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Digitally painting a caricature, comic or cartoon becomes a simple task on computer.
Learn simple how to steps to paint your character drawings on Photoshop.
The Steps for Painting A Caricature
The last video/blog I did, showed you how to “Paint A Line On Computer”, using a caricature drawing of myself. This video/blog reveals how painting a caricature, comic or cartoon with that line on top of it can be done.
First, do a line drawing or import the drawing you want for character painting.
Follow the steps in the video/blog mentioned above for painting the line. Make sure the line is its own layer.
I begin by duplicating my line. Command (Mac) or Control (PC) J. This gives a line layer above (for finished covering), with one below (a painting guide).
Create A New Layer
Click on the copy symbol at the bottom right corner of Photoshop to create a new layer. You will paint on this new layer between the lines.
Start with Flat Colors
- When painting a caricature begin with a flat basic color for every section. I did this on my face, my shirt, my glasses etc.
- Of course I clean up should I go outside the line. I then make adjustments in the tone of my color as I go.
- When I start painting my shirt, as a way to speed painting it, I put a marquee around the line which helps me isolate the shirt off and allow me to go through it quicker. The marquee prevents me from painting directly on the line therefore I’ll need to go back and paint in missed areas under the line.
- I do the same for my glasses and my eyes. Then clean up underneath the marquee line there as well.
- When I finish cleaning up, I work on some hair textures that I drew in. I paint in a solid color for the hair. Then do a transparency percentage which will allow hair texture to show through from the layer beneath it.
- I isolate my eye color with the marquee tool in order to make an adjustment, using the hue saturation color slider.
- I do the same thing on my lips making an adjustment using hue saturation. Then clean up afterwards.
- I repeat the same procedure to give a shadow under my nose using only flat color for the time being.
- Now I add flat color in the shadow areas of my shirt.
From here I start doing dimensional rending with an airbrush approach when painting a caricature.
Determine Light Direction
- I decided to have light coming from the left going toward the right which will cast a shadow on the right side of everything. It’s always important to know direction your light is coming from.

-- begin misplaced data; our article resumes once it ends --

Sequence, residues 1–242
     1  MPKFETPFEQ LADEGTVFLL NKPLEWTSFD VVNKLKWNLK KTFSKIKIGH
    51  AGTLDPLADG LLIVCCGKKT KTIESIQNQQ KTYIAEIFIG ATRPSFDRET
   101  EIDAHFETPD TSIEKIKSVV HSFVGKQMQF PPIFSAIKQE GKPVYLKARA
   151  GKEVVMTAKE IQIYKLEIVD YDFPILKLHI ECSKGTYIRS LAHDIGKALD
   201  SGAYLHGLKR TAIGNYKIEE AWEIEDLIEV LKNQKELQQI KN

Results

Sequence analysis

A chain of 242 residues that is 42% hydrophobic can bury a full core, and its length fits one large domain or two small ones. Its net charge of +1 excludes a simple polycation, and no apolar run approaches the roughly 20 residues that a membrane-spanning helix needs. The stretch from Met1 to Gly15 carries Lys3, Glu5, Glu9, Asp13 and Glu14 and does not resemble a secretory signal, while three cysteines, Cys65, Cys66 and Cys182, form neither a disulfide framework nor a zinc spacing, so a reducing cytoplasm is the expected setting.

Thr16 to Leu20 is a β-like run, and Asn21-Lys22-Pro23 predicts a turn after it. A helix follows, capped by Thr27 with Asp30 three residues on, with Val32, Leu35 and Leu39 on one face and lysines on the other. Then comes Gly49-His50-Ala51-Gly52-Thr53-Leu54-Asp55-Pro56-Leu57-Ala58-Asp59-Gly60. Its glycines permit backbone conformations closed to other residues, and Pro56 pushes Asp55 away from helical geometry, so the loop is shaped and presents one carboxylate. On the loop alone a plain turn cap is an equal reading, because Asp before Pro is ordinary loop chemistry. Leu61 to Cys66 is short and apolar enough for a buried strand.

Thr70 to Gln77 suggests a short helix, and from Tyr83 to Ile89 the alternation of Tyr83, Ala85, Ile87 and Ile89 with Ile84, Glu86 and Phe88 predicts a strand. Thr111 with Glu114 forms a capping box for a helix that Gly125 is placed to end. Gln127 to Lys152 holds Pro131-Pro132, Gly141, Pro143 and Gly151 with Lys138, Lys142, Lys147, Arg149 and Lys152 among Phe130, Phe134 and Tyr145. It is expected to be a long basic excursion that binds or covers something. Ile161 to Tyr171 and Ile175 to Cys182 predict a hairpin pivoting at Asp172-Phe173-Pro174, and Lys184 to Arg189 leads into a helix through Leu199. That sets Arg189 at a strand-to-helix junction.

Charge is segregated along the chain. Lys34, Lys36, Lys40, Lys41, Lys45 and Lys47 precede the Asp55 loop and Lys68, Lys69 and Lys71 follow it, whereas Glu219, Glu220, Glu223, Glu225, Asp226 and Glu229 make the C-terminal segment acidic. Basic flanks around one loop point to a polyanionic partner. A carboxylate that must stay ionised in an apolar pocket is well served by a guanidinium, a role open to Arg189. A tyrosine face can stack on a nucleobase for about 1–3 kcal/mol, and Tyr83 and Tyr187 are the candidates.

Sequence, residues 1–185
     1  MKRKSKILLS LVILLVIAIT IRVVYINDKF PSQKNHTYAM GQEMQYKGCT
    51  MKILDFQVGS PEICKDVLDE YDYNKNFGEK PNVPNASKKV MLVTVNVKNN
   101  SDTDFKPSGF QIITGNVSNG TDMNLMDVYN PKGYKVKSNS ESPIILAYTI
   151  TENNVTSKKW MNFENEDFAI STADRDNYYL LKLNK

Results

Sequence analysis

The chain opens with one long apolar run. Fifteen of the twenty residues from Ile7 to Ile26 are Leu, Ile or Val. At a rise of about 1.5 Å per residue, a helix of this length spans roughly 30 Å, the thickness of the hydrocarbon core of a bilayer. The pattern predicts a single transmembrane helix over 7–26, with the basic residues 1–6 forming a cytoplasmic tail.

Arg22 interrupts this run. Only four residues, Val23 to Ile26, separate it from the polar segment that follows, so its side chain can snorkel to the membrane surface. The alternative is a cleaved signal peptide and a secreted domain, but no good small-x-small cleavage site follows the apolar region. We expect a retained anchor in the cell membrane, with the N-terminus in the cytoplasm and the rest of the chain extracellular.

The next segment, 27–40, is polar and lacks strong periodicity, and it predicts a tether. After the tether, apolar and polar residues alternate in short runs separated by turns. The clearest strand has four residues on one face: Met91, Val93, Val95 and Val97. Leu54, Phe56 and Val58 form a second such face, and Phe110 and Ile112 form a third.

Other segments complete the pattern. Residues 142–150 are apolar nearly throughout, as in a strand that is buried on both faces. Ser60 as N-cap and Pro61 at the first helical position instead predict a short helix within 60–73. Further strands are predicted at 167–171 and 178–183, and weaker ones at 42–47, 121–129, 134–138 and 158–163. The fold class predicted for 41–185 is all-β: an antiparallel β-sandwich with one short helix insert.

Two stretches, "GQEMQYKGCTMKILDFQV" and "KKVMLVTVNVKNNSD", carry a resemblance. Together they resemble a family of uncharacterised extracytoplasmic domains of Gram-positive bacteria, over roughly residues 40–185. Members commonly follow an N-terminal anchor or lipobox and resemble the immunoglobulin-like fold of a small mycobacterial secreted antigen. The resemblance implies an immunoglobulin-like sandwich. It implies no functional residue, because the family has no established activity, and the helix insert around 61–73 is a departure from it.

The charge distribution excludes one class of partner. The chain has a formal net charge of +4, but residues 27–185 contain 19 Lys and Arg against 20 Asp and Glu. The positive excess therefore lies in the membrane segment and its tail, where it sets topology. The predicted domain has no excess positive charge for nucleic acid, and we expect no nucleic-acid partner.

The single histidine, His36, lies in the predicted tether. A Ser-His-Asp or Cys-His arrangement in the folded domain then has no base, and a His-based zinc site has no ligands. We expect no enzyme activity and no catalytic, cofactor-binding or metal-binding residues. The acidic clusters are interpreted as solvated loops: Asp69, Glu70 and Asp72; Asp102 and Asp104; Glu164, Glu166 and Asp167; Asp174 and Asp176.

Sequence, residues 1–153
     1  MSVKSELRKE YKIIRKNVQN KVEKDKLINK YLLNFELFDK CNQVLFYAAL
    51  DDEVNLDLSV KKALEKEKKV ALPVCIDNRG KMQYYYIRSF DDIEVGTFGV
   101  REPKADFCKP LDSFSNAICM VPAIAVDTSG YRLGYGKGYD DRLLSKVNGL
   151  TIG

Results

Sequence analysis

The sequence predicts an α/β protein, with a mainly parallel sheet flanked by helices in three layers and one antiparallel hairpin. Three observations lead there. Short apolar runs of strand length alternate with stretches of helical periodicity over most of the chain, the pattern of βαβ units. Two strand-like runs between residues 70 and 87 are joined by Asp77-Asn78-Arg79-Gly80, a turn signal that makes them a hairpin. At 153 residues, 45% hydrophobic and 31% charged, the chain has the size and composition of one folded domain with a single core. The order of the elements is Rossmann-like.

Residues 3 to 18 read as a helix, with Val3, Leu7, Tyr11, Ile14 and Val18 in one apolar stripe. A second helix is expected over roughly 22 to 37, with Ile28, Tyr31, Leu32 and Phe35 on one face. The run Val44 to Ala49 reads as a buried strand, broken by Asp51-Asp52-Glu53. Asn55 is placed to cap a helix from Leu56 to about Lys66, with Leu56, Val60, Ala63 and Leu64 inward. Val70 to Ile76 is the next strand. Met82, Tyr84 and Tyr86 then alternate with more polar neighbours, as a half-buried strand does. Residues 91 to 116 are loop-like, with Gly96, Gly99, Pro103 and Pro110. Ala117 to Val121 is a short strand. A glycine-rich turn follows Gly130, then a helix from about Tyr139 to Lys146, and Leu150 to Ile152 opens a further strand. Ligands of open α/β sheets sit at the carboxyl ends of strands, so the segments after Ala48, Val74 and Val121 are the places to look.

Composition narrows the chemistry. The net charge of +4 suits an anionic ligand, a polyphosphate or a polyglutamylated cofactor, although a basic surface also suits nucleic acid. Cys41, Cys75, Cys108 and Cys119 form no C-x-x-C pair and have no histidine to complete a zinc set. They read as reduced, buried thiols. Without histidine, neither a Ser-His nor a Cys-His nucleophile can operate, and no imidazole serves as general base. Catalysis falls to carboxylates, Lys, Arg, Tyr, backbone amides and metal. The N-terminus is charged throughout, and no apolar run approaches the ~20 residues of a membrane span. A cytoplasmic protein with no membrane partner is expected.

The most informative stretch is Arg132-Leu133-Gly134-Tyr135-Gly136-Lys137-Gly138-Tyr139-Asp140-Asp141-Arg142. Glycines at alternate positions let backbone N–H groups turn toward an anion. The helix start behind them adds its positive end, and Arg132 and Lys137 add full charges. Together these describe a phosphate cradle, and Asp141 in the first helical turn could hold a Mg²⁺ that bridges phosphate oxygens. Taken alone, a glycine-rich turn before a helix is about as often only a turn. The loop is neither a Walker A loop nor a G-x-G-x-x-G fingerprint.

- The fun of painting with computer is that as I paint in some light areas, I shift them if they are not exactly in the shape or place I wanted them to be. Using the move or the warp tool helps with that. I brighten the area up some with adjustment sliders or color shifts on my shirt if it needs. I decided to cool down the shirt color a bit adding a slight blue touch.
- Then clean up my glasses and give a shadow side to it.
- For my face shadowing I created a darker “Layer Adjustment Mask”, then erase out unwanted areas. I shift the colors a little bit and brighten it up so it has a strong sense of light and shadow.
- I do a “Layers Mask” for my hair and I brighten it up and erase out the unwanted so it looks like light is hitting my hair, and there’s a shadow side.
- I decided to give more shadowing under my nose. Now I’ll work on my lips to give a light and shadow side to that as well with a shift in color.
- Then I’ll have the few spots to clean up, a few mistakes I haven’t seen before, shifting my face color some.
- This is where I paint in the nostrils. I’ll add a little more detail to my lips. Bring out some highlights. It’s amazing to me how highlights add more dimensionality.
- Now I give a light area to my beard and mustache. First, marquee it off, then paint in light spots.
- I will give highlights to my glasses making the line straight across and using the “Warp Tool” to put it in place. Marquee it off to make it easier to paint in other highlights.
One of the things I like doing is giving reflective light because it gives more dimensionality and extra color interest.
- In this case I’m using cooler reflective light because my face is overall warm so it make for a good visual balance when painting a caricature.
- My glasses needed a darker area on the arm to push back one portion of it.
- Now I’m working on my eyes, I’ll give myself a pupil, erase some of that out. I’ll put some Shadowing on my iris trying to give it some dimensions. Then give some shadow to the white part of the eyes then clean them up. Now I’m giving myself a lip to the lower eyelid giving dimensionality. Putting some highlights to the eye. Checking things that I may need to clean up. Darken the upper eyelids a little more.
- Put a shadowing on my wrinkle lines, not too heavy, and then a light side to my wrinkles. Soften some of that edge a little bit.
- Putting a little more shadow under my nose for dimensionality as well as on my lips. Some shadow on my glasses. Adding a little more shadow to my nose to feel more anchor to my face.
- I painted a background card for the finished look. Below is the completed character.
Hope that was helpful! Give it a try, and let me know how it turns out!